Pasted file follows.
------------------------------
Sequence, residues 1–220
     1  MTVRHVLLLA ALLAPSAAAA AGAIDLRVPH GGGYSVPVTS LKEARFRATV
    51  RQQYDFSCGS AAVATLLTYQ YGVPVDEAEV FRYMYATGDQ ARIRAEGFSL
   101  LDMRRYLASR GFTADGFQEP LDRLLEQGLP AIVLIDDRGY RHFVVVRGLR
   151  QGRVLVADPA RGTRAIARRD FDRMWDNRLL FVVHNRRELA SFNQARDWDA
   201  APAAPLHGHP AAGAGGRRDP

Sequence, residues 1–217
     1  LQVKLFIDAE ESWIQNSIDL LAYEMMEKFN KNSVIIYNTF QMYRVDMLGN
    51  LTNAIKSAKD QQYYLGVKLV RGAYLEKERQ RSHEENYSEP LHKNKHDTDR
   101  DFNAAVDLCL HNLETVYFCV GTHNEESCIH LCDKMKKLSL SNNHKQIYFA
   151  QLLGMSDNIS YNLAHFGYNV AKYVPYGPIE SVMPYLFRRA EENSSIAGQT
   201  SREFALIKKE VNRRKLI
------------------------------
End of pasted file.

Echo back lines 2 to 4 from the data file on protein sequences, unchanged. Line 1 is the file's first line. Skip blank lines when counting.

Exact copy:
     1  MTVRHVLLLA ALLAPSAAAA AGAIDLRVPH GGGYSVPVTS LKEARFRATV
    51  RQQYDFSCGS AAVATLLTYQ YGVPVDEAEV FRYMYATGDQ ARIRAEGFSL
   101  LDMRRYLASR GFTADGFQEP LDRLLEQGLP AIVLIDDRGY RHFVVVRGLR